Ben Travers

TV Critic at IndieWire 

"Because 'livin's' a verb."

Favorite films

  • The Godfather
  • Brokeback Mountain
  • Moulin Rouge!
  • Babe

Recent activity

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  • Spider-Man: No Way Home

    ★½

  • Spider-Man: Far From Home

    ★★★

  • Elvis

    ★★★½

  • Fire Island

    ★★★½

Recent reviews

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  • Elvis

    Elvis

    ★★★½

    To say a movie titled “Elvis” that runs an exorbitant 2.5 hours with a million dollar-per-minute budget doesn’t need to be the defining pop document of the popular singer’s well-documented life is, perhaps, a cop-out. So is acknowledging that telling his story through the eyes of a thinly defined yet otherwise enormous villain allows for convenient fast-forwarding over nuanced and unflattering aspects of a rock-n-roll icon already elevated to godlike heights. These are both choices made by the film’s creators,…

  • Spiderhead

    Spiderhead

    ★½

    I appreciate that the character reading George Saunders’ “Tenth of December” is too dumb to grasp its message, so he just keeps doing what the book plainly warns against. 

    …but I don’t think this movie is meant to emulate Rogan’s crippling illiteracy. Oof. So dumb. So, so dumb. 

    (It is weird that he’s *in* the book, so you’d think he’d give that story an extra think, but maybe he just hasn’t reached “Escape from Spiderhead” yet? Or maybe he’s so

Popular reviews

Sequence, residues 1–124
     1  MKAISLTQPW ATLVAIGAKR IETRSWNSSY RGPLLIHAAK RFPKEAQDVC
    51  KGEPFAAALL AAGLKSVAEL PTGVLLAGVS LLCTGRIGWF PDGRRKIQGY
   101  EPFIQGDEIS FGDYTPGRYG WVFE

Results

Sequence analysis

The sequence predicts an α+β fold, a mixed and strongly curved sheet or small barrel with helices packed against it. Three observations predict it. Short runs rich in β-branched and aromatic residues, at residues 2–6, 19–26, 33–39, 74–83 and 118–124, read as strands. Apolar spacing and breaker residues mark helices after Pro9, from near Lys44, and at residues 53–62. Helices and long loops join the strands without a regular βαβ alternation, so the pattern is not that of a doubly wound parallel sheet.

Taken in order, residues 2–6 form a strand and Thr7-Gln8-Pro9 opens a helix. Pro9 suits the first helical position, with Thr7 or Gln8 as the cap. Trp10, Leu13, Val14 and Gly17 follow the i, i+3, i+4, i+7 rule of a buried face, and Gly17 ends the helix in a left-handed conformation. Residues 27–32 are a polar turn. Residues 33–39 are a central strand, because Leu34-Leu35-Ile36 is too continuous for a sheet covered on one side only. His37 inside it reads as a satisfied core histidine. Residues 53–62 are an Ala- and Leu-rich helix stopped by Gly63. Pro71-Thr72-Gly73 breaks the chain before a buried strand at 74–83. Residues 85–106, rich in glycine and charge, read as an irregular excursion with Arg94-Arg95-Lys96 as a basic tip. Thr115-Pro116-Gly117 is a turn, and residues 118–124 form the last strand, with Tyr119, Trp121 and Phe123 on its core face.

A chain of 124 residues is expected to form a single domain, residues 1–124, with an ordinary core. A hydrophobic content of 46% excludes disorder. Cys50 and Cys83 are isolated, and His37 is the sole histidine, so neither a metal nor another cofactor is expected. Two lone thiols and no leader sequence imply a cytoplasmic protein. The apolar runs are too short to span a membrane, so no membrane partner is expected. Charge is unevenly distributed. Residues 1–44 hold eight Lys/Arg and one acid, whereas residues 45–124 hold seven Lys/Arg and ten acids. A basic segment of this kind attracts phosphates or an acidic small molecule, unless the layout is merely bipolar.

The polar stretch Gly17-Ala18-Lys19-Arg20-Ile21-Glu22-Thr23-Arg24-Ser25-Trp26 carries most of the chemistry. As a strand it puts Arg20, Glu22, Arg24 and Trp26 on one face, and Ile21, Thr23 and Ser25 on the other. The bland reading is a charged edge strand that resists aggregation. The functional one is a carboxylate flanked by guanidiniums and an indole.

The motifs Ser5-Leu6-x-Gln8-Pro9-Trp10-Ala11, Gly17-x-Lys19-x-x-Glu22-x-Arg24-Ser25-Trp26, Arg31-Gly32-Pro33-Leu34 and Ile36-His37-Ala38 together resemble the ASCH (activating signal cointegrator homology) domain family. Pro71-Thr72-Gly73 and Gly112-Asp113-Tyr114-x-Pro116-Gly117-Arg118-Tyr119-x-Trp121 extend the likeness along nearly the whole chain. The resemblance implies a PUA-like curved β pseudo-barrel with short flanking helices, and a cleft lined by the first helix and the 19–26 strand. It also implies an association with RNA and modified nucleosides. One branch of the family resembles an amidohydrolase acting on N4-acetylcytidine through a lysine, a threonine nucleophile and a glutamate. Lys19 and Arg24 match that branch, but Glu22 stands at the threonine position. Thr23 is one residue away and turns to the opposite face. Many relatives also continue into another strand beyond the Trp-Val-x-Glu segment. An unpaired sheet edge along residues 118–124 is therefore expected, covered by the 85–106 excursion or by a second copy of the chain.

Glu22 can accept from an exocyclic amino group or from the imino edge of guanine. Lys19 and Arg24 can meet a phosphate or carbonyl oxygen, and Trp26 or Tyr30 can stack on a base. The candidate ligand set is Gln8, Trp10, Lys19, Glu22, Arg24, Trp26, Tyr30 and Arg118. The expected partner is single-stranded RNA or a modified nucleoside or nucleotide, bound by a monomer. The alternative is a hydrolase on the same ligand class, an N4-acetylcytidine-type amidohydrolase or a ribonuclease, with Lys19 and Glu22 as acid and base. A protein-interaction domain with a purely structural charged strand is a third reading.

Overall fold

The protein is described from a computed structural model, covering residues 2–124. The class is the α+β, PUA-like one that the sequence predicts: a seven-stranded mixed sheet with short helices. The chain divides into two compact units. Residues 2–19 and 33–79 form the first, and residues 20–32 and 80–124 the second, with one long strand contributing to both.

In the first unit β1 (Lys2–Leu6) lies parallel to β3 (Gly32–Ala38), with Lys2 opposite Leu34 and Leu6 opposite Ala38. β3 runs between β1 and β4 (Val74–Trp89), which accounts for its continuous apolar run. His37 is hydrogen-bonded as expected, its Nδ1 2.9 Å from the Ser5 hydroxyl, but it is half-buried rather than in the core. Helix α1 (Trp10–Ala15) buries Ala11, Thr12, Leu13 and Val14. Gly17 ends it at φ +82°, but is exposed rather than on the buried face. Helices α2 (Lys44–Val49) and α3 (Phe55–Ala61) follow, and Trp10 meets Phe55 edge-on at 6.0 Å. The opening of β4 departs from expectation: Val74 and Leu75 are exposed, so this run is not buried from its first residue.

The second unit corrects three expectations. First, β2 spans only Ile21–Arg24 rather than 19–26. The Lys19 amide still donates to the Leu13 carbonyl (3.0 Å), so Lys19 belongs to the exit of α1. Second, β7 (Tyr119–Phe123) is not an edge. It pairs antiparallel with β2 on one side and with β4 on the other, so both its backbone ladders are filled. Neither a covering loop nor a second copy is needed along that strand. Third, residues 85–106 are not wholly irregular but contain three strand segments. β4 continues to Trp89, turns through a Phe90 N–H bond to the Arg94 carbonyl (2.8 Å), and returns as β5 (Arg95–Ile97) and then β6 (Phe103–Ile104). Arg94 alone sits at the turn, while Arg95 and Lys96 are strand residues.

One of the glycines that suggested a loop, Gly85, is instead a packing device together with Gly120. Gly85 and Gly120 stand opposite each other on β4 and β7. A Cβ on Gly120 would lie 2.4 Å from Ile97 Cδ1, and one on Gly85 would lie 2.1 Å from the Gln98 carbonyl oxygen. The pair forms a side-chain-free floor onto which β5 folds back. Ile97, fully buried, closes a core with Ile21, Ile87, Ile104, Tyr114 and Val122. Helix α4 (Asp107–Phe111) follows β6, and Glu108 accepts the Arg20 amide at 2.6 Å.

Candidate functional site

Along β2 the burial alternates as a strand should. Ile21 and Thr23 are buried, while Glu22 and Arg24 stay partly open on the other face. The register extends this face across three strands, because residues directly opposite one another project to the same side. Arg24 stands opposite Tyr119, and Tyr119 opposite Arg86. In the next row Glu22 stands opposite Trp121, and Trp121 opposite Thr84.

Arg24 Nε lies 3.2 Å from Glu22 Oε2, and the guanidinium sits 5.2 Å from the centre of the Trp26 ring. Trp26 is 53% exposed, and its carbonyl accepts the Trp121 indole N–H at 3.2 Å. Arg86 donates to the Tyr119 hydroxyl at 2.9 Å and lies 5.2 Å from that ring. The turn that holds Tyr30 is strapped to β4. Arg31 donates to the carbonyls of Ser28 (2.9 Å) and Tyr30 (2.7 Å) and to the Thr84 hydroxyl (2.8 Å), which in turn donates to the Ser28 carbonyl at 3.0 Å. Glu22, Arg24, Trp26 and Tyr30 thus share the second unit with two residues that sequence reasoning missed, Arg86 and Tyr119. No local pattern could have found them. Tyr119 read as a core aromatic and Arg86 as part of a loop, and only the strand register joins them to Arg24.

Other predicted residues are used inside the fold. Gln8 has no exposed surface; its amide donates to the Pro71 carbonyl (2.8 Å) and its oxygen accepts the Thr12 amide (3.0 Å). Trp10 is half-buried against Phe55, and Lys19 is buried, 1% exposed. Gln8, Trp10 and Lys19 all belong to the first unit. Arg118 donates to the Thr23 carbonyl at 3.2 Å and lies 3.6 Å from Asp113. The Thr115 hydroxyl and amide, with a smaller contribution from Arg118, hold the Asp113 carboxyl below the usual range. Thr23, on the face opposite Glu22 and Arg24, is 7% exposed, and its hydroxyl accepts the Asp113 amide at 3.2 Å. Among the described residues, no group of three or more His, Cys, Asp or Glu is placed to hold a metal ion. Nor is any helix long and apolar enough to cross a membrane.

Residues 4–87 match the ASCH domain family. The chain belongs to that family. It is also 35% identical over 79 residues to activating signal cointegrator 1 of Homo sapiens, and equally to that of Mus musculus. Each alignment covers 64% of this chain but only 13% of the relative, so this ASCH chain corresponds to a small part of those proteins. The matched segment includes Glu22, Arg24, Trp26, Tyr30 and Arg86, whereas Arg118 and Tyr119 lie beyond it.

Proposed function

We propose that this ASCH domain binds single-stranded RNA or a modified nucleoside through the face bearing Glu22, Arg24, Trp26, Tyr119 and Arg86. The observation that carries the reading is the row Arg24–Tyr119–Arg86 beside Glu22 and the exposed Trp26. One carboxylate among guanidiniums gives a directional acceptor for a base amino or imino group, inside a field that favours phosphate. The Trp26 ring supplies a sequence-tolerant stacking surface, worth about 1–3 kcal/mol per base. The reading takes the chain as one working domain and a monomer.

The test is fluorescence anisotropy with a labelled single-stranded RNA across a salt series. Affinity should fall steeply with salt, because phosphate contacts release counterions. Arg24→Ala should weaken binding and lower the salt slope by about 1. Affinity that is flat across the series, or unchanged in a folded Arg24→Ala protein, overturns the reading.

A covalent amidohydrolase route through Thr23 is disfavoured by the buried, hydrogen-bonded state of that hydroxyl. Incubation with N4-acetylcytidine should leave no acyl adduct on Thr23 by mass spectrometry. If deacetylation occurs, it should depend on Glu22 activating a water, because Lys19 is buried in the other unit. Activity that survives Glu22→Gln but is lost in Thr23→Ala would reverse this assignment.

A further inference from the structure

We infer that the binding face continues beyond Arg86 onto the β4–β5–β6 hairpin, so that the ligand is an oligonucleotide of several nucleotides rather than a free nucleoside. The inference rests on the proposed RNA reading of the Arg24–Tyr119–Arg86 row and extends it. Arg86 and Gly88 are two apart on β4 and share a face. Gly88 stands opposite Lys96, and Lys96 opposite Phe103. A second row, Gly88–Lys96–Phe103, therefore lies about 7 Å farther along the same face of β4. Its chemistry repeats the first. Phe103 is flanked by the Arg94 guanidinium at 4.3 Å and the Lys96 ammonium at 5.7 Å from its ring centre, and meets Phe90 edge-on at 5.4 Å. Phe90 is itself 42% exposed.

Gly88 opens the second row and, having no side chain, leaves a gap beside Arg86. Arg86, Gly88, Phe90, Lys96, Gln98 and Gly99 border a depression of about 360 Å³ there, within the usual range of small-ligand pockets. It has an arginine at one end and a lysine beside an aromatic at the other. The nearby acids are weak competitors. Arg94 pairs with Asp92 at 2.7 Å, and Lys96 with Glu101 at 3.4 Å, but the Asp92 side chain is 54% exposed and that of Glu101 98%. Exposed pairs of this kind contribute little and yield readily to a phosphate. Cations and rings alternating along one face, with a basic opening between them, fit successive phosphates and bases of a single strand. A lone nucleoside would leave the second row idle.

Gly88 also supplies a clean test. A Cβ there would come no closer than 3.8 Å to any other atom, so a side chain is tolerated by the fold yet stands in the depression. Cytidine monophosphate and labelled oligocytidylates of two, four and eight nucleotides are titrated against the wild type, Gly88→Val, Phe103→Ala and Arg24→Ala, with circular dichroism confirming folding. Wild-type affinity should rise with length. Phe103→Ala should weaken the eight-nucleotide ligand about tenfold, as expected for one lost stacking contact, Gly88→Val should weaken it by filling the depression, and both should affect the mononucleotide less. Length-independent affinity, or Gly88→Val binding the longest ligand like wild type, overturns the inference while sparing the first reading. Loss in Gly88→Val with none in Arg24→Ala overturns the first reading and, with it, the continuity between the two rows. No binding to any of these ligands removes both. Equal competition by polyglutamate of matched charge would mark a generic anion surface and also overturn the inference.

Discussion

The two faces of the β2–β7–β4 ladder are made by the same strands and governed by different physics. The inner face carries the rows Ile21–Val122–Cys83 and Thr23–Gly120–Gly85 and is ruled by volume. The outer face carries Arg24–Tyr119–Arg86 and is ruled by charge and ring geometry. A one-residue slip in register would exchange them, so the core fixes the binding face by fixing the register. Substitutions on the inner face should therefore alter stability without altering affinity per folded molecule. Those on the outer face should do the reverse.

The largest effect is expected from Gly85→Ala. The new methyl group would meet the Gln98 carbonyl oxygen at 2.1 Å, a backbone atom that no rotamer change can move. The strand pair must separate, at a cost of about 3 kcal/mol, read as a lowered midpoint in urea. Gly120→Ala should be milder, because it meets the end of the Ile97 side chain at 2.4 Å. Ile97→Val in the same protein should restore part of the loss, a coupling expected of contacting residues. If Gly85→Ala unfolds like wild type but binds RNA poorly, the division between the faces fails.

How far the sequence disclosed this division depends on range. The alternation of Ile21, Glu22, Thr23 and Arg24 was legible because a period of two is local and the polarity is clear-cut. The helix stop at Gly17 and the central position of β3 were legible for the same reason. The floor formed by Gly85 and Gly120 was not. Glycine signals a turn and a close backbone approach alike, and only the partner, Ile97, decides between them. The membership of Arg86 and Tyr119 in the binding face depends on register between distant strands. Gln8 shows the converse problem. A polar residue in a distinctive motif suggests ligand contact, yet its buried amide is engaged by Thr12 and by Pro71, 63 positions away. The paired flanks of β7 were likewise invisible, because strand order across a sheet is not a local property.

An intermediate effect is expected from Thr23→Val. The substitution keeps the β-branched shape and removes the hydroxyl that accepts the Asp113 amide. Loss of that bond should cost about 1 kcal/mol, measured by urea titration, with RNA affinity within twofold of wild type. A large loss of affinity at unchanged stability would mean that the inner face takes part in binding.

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  • The Nest

    The Nest

    ★★★★½

    Both a gorgeous study of marriage at a crisis point and an enlivening evisceration of the institution's sexist standards in society, "The Nest" is meticulously made, brilliantly acted, and rich with subtext. Jude Law's ferocious ego is hysterical. Carrie Coon inhales cigarettes and coffee, often in the same breath, then exhales a perfect "fuck you" to the patriarchy. What a gem. I would watch 10 hours of this.

  • Boyhood

    Boyhood

    ★★★

    A unique experience in two areas, one technically remarkable while the other frustratingly plain, "Boyhood" is a marvel in its innovative shoot. Richard Linklater's patient deliberation on time is something to ponder and discuss long after the film (finally) ends, but the proxy characters he creates are so maddeningly plain and predictable an emotional attachment can only be found when reflecting on oneself. The boy and his family don't bring the film to life -- you do (the viewer). Does that make it worth watching? Yes. But does it make "Boyhood" superior to films with more personality, and thus true originality ? No, it does not.